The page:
Publishers turn to ads, search following Facebook’s News Feed change
Media companies are turning to paid distribution and other platforms to insure them against Facebook’s latest algorithm update.
Chris Tolles should be freaking out right now. As CEO of news aggregation site Topix, his is one of the media companies that would seemingly be most affected by Facebook’s recent News Feed algorithm change, which is expected to throttle the traffic the social network sends to publishers’ sites. According to SimilarWeb, in December 2016, Topix received 37 percent of its US desktop visitors from Facebook. Yet Tolles isn’t too troubled.
“We’ve experienced this platform holdback before with search,” said Tolles, referring to Google’s Panda update, which choked traffic to sites that published content specifically designed to rank highly in its search results. Following Google’s move, Topix switched its focus from search to social, publishing slideshows, quizzes and other articles intended to elicit high engagement. But it also adjusted its approach to harnessing platforms to attract traffic — turning to purchasing paid media.
“The whole thesis was we’re going to get traffic by working with platforms in a way that they should be aligned with, which is to pay them money,” said Tolles.
Publishers willing to pay to play
Since 2014, Topix has paid Facebook to promote links to its articles as ads on the social network. Last year, the publisher typically spent $1 million to $3 million a month on Facebook ads and attributes 90 percent of its 50 percent increase in site traffic to that ad-buying program.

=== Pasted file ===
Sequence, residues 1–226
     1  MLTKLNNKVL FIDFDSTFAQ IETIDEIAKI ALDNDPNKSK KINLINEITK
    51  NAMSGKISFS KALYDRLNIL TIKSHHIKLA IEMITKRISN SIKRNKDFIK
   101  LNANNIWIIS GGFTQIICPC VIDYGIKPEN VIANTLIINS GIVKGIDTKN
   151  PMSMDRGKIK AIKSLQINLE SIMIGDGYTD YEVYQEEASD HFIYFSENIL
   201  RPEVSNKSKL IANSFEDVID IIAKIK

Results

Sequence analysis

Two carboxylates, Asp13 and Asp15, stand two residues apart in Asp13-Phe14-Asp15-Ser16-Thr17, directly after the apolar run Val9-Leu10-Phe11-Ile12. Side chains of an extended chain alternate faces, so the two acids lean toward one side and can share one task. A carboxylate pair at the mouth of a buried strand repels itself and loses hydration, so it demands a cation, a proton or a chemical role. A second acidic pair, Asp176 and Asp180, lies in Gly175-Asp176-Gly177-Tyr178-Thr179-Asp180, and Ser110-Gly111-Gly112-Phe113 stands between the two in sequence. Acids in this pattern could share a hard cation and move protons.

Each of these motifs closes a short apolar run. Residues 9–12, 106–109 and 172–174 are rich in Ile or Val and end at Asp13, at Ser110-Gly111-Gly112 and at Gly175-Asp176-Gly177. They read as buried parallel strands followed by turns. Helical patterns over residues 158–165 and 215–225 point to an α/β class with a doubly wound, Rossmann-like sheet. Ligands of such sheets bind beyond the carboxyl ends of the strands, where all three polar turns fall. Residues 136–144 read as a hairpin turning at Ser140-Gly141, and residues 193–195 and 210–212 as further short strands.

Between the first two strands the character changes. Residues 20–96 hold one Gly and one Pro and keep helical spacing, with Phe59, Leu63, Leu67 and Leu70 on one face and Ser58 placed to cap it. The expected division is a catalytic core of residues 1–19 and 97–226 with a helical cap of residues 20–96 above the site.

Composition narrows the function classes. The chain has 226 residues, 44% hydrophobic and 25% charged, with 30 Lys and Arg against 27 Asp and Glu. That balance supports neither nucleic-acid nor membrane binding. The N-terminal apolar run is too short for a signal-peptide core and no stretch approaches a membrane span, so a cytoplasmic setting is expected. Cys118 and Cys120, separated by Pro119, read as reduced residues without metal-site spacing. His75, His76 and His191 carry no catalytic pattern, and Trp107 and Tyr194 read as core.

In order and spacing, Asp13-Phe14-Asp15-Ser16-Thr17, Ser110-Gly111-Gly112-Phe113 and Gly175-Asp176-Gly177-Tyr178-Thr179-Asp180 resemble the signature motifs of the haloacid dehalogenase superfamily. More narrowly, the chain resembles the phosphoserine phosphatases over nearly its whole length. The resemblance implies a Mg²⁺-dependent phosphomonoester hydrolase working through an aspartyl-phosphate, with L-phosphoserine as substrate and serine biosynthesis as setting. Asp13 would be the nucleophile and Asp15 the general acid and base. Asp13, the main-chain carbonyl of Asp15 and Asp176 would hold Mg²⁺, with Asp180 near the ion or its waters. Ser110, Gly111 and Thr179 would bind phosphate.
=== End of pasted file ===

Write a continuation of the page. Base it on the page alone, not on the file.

“Facebook is in a weird place where they don’t want anyone to depend on them for traffic, but when you buy from their ad people, they’re like, ‘We want to be your number one for traffic,’” said Tolles.
Topix isn’t the only media company to have observed how Facebook made its News Feed largely a pay-to-play environment for brands. Many expected that the company would eventually end the free ride for publishers, as well.
When Fatherly COO Michael Wertheim first learned of Facebook’s latest algorithm change, “it was a little bit of a shrug. Everybody knew this was coming for a long time,” he said. And while Fatherly — which received 23 percent of its US desktop traffic in December from Facebook, per SimilarWeb — had preemptively made moves to mitigate any negative impact, such as prioritizing content that prompted shares and comments and likes, it had also “always used Facebook for paid distribution in part,” he said.
“Everyone should always be using paid to some degree to help enhance the content that they see is popping organically,” said Mike Fox, who served as Facebook’s director of marketing from 2009 to 2014 and is now CMO of travel publisher Culture Trip. Facebook accounted for 37 percent of Culture Trip’s US desktop traffic in December, according to SimilarWeb.
How much are publishers willing to pay?
However, it’s not yet clear what the mix should be between organic exposure and publishers paying to deliver their content to Facebook’s audience.
Spending seven figures per month on the social network’s ads, Topix seems to be on the extreme end of the spectrum. But the company is willing to invest so much money in Facebook because it’s able to make so much money in return, said Tolles, adding that the company made $36 million in 2016 and has turned a profit ever since adopting the paid distribution strategy in 2014.